Vegetarian Christmas Curry «Herring» Recipe
Norwegian Christmas Traditions with Japanese Ingredients
Spending Christmas in a foreign country can be trying. Setting aside your lifelong local holiday traditions is one thing. Being separated from family and friends is a challenge on a whole other level. To combat the holiday blues, I decided to maintain at least one Christmas tradition of my own. So, I decided to make one of my seasonal favorites from back home, Christmas curry herring, or as I like to call it «vegetarian curry toferring».
Last year, I spent my first Christmas in Japan, which was documented in our YouTube Christmas Special. Soon enough, I learned that Japanese Christmas traditions are mainly about magnificent lights, cake extravaganza, and Kentucky fried chicken. It was then I first got the idea to Japanify a recipe that I had already tinkered with for years. Thus, the Japanese version – of my very own vegetarian version – of the classic Scandinavian Christmas curry «herring» was born.
The vegetarian twist to the Christmas herring recipe is something I added about six or seven years ago, when I was still living in Norway, and still practicing a vegan diet. Since moving to Japan, I have decided to give up veganism, because come on, there is just too much good food to explore here. I still try to limit my meat intake, and I might return to vegetarianism if Japan ever catches up with the Scandinavian availability of vegetarian alternatives.
Anyway, I was so happy with my vegetarian Christmas curry herring recipe that I decided to keep this Christmas tradition of mine alive, even after moving to Japan. It took some experimenting and digging to find good Japanese ingredients for my recipe. Once I found the right ones, however, the Japanese Christmas curry herring recipe turned out great.
Preparations for Christmas Curry Toferring
Trying to recreate a traditional Scandinavian flavor in Japan isn’t too hard, but there are a few pitfalls to avoid. The most crucial part of your preparations is to find the best ingredients. The biggest obstacle proved to be the search for a decent sour cream.
In Japan, sour cream is not part of anyone’s diet, whilst in Norway, we eat it, if not on a daily basis, then certainly every week in some form or another. You can find sour cream in Japan, but it is extremely fatty and sourer in taste than I am used to from Norway.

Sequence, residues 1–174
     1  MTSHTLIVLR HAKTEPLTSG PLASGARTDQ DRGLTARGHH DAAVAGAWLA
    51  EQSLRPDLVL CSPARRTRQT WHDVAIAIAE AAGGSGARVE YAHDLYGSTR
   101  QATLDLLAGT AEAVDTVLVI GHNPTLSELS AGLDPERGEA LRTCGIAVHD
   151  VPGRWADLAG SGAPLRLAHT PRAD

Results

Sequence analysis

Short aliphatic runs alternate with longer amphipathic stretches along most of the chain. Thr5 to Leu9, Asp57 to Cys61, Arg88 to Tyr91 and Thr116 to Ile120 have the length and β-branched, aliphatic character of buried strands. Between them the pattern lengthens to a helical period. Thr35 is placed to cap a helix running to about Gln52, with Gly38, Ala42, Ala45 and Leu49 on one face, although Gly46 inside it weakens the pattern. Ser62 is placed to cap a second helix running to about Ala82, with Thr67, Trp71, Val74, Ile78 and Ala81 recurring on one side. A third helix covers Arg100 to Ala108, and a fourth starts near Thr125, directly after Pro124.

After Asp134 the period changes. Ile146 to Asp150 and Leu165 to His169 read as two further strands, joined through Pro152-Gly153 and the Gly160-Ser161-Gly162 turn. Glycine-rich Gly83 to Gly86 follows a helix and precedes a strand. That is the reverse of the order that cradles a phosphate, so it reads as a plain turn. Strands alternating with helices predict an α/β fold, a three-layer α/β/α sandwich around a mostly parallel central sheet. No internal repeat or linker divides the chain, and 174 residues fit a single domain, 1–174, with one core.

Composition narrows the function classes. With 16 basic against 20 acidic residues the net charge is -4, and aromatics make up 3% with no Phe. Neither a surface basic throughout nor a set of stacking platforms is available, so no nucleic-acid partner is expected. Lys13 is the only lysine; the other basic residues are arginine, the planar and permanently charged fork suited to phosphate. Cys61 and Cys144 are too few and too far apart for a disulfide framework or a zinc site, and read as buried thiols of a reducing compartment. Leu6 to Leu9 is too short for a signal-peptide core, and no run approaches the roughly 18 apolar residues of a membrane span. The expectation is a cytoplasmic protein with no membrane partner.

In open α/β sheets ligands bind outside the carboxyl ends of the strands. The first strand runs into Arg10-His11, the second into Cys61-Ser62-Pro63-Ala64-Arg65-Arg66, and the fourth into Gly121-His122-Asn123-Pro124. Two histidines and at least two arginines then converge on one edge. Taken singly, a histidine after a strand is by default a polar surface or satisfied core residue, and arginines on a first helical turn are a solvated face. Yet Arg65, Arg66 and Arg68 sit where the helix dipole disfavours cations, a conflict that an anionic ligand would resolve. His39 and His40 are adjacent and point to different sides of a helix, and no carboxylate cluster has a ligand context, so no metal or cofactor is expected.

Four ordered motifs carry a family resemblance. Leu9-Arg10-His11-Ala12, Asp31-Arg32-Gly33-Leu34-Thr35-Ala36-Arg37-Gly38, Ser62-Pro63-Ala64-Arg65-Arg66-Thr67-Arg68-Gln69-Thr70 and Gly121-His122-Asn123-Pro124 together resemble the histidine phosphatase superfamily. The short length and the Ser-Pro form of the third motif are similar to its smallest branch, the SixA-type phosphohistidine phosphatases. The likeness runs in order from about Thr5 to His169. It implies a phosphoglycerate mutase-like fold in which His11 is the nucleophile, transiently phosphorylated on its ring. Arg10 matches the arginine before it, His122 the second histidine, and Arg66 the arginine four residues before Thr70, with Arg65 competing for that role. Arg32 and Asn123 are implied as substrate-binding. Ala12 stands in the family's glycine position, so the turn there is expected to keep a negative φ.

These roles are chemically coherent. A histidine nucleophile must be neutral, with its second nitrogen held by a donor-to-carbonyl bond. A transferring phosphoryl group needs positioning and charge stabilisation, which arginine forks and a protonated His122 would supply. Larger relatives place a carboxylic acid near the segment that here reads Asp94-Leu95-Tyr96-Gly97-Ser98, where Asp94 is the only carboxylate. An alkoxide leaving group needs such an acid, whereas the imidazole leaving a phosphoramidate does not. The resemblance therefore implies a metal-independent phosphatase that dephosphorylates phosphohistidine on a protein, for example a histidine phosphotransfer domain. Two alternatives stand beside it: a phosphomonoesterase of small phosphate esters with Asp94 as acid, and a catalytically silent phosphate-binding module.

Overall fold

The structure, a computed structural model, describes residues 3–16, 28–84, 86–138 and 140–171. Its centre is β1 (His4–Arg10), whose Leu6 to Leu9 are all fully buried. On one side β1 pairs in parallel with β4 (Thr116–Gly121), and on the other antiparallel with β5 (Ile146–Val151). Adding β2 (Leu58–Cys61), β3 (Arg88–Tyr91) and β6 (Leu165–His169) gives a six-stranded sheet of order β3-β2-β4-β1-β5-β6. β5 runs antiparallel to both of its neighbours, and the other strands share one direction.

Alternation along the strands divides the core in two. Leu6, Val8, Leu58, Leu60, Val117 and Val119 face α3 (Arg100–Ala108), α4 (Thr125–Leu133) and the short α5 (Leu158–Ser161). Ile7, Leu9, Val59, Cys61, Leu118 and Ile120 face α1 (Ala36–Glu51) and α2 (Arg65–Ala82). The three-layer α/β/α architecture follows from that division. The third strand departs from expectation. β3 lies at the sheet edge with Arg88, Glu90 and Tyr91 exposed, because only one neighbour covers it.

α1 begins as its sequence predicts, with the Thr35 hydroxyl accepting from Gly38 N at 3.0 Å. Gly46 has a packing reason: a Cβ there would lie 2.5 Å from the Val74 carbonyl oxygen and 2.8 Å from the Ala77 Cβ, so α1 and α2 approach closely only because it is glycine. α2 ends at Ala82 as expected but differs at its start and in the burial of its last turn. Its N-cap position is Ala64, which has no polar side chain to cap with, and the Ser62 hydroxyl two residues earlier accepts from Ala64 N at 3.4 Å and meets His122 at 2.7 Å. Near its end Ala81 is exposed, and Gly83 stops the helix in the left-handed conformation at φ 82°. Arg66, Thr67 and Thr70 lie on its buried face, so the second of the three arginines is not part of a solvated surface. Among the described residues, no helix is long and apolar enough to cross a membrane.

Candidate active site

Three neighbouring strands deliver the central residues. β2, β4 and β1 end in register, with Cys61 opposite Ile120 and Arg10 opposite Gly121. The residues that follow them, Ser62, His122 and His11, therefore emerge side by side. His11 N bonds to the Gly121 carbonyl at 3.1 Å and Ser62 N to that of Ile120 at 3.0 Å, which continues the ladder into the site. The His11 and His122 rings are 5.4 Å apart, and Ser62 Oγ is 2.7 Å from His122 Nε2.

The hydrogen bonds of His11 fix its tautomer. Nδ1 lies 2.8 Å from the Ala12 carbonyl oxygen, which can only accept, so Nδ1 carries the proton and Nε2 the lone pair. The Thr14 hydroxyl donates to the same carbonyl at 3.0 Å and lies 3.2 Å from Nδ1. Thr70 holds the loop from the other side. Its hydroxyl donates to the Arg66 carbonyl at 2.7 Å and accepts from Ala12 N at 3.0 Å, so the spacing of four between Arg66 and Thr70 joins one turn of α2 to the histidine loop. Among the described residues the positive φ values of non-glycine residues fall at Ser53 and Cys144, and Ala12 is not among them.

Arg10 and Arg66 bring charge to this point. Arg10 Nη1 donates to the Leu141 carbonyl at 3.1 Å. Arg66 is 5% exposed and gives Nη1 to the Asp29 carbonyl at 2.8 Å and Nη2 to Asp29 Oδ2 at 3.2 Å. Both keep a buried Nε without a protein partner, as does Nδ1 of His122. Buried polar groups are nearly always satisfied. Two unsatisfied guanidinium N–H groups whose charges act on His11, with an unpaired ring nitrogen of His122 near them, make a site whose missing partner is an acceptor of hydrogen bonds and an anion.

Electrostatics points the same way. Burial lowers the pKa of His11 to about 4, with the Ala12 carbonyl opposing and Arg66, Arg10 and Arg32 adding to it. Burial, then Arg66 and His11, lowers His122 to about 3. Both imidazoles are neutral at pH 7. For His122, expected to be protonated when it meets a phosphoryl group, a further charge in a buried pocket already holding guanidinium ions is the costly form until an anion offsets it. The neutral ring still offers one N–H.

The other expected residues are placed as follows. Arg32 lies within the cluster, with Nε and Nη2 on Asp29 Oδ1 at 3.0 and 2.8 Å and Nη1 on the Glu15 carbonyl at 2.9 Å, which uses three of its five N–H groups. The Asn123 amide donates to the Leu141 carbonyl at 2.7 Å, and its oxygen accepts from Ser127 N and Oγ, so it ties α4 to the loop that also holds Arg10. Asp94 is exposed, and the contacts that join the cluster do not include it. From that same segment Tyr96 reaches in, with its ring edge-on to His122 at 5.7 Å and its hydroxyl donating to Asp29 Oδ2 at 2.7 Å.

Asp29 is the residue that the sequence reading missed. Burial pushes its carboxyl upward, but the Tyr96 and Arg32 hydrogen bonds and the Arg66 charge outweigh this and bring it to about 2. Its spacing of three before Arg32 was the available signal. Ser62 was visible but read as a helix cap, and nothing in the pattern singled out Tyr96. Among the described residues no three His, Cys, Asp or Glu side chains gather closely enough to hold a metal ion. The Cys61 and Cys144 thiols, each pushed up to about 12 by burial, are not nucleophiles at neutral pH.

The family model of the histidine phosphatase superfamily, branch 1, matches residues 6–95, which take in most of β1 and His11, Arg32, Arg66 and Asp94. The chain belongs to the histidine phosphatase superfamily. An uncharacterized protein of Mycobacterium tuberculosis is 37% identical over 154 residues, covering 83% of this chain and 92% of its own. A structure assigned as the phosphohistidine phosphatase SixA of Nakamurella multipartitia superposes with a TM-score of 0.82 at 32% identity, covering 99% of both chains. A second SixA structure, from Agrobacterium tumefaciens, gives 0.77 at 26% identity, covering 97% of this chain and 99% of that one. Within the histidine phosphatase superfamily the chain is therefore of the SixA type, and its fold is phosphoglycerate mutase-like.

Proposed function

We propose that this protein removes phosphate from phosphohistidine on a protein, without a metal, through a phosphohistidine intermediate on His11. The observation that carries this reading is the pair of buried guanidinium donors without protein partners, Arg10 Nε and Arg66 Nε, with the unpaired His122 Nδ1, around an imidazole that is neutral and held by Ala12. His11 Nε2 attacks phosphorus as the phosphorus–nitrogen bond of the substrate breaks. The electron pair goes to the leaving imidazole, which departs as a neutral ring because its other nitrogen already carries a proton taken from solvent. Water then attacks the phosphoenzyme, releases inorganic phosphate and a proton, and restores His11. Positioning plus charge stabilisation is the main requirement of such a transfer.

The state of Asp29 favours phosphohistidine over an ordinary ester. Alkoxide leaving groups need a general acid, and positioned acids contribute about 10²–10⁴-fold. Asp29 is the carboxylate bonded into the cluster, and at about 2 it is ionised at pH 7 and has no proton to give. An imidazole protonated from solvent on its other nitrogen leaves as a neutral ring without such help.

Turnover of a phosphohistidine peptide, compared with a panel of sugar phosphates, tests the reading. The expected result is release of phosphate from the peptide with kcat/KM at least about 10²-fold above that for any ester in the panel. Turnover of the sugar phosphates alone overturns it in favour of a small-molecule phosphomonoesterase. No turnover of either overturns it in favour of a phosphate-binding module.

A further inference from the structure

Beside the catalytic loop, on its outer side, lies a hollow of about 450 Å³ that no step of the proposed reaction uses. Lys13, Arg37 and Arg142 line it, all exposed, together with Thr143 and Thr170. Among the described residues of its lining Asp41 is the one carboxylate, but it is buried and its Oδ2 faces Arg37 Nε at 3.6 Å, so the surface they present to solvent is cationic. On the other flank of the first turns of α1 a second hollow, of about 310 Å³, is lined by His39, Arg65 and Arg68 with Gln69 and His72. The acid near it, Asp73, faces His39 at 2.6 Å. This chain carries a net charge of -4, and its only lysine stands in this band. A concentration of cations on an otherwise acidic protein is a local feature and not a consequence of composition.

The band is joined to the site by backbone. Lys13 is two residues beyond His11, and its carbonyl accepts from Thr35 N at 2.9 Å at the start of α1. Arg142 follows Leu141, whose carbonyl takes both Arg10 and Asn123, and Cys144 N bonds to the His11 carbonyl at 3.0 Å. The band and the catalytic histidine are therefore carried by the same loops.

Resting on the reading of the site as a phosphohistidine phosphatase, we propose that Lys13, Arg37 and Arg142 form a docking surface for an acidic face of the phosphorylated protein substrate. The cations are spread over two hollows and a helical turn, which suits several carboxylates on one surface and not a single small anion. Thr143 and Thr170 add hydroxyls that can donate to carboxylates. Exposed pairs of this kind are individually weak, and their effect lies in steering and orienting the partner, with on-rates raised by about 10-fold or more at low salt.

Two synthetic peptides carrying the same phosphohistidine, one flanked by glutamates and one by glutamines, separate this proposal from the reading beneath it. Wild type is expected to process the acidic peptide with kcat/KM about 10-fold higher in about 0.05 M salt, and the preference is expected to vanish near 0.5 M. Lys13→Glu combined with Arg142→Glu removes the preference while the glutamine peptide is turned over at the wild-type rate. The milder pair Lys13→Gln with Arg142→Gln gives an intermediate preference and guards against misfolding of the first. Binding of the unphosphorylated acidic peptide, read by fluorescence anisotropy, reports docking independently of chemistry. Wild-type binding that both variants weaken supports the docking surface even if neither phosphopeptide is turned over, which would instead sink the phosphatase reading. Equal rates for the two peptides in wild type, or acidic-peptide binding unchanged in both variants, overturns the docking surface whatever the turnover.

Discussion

In fact, Japanese sour cream closely resembles another product on Norwegian shelves called Crème Fraiche. The flavor of Japanese sour cream, on the other hand reminds me somewhat of Greek yoghurt. This probably explains why most Japanese people believe Greek yoghurt to be an acceptable substitute for sour cream. It isn’t!
The second and third pitfalls to watch out for when picking out ingredients are Tofu and Apples. To make a tasty vegetarian alternative to Christmas herring, you need to seek out the firmest tofu Japan has to offer. Most Japanese tofu is delicious, but very few have the required properties to substitute herring. Try to find one that looks similar to the pictures in this post.
As for the apples, Japan makes some of the sweetest apples I have ever tasted. They are awesome, but too sweet for our vegetarian Christmas curry herring recipe. We are looking to balance the savory base with a somewhat sour apple taste. I had to add a dash of Apple vinegar to get it right. Don’t get me wrong, though, most normal green or red apples are just fine, but try to avoid the sweetest Japanese apples. If you can find pink lady, or any apples from Australia or New Zealand, you should be good to go.
How to Make Vegetarian Christmas Curry «Herring»
250 g of Firm Tofu («SoFine Tofu» was my favorite in Norway)
90 ml Sour Cream
3 Onion Wedges
2-3 Pickled Cucumbers
2 tsp Whole Grain Dijon Mustard
1 tsp Curry Powder (season to taste)
1-2 tsp Apple Cider Vinegar (season to taste)
1 tbsp Mizkan Shiro Dashi Sauce (or vegetarian alternative, season to taste)
Cut the Tofu, Apple, Onion and Cucumbers in bite-size pieces, not too large. Especially the Tofu tends to turn out best when cut to smaller bits, which makes it easier to fry to perfect consistency. My bits were roughly 1 times 1.5 cm in size, and 0.5 cm thick.
Add 1 large teaspoon of mustard and one 1 tablespoon of dashi to your frying pan.
Fri the tofu on low heat until the bits firm up nicely. Frying time varies from brands/types of tofu. It took me about 20 minutes. What you want, is tofu bits with a meat-like firmness on the outside, but not dry on the inside. Be patient, and don’t be afraid to cut some pieces open to check for juiciness while frying.
After frying, let the tofu rest in the pan for about 30 minutes, for the flavors and consistency to set.
Mix your fried toferring in a bowl with the rest of the ingredients.
Put your vegetarian Christmas curry herring in a suitable container and keep it in the fridge for at least one day before serving.
Bon Appétit! Meshiagare!
In Norway, this Christmas condiment is usually enjoyed cold on a piece of good bread. We are a bread-loving people, which is why I believe that whole grain or rye bread is the only way to go. I can’t even bring myself to try curry herring on white bread or Japanese shokupan. In fact, most Norwegians wouldn’t even categorize shokupan as bread, but rather some sort of pastry.
That said, there are lots of delicious breads to be found in Japan at various local bakeries, and they all taste fantastic with your freshly made Christmas curry toferring. If you can find it, which is unlikely, I recommend topping your Christmas sandwich with smoked paprika (here on Amazon, and no, we are not affiliates).
Now that’s how you make a vegetarian Christmas delight. Happy holidays!